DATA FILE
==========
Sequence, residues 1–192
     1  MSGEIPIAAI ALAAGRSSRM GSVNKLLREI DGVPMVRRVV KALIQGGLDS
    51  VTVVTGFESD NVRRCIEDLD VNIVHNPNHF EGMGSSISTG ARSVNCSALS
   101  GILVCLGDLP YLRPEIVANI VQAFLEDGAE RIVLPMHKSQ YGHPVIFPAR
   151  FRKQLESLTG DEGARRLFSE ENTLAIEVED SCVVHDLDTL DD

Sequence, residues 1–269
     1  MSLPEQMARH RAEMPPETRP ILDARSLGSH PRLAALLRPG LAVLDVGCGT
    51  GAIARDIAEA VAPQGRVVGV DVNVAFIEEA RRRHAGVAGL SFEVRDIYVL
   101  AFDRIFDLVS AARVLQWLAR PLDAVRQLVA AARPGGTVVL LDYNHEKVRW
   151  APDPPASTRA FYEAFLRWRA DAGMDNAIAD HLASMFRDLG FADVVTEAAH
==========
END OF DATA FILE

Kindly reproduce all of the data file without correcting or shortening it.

Sequence, residues 1–192
     1  MSGEIPIAAI ALAAGRSSRM GSVNKLLREI DGVPMVRRVV KALIQGGLDS
    51  VTVVTGFESD NVRRCIEDLD VNIVHNPNHF EGMGSSISTG ARSVNCSALS
   101  GILVCLGDLP YLRPEIVANI VQAFLEDGAE RIVLPMHKSQ YGHPVIFPAR
   151  FRKQLESLTG DEGARRLFSE ENTLAIEVED SCVVHDLDTL DD

Sequence, residues 1–269
     1  MSLPEQMARH RAEMPPETRP ILDARSLGSH PRLAALLRPG LAVLDVGCGT
    51  GAIARDIAEA VAPQGRVVGV DVNVAFIEEA RRRHAGVAGL SFEVRDIYVL
   101  AFDRIFDLVS AARVLQWLAR PLDAVRQLVA AARPGGTVVL LDYNHEKVRW
   151  APDPPASTRA FYEAFLRWRA DAGMDNAIAD HLASMFRDLG FADVVTEAAH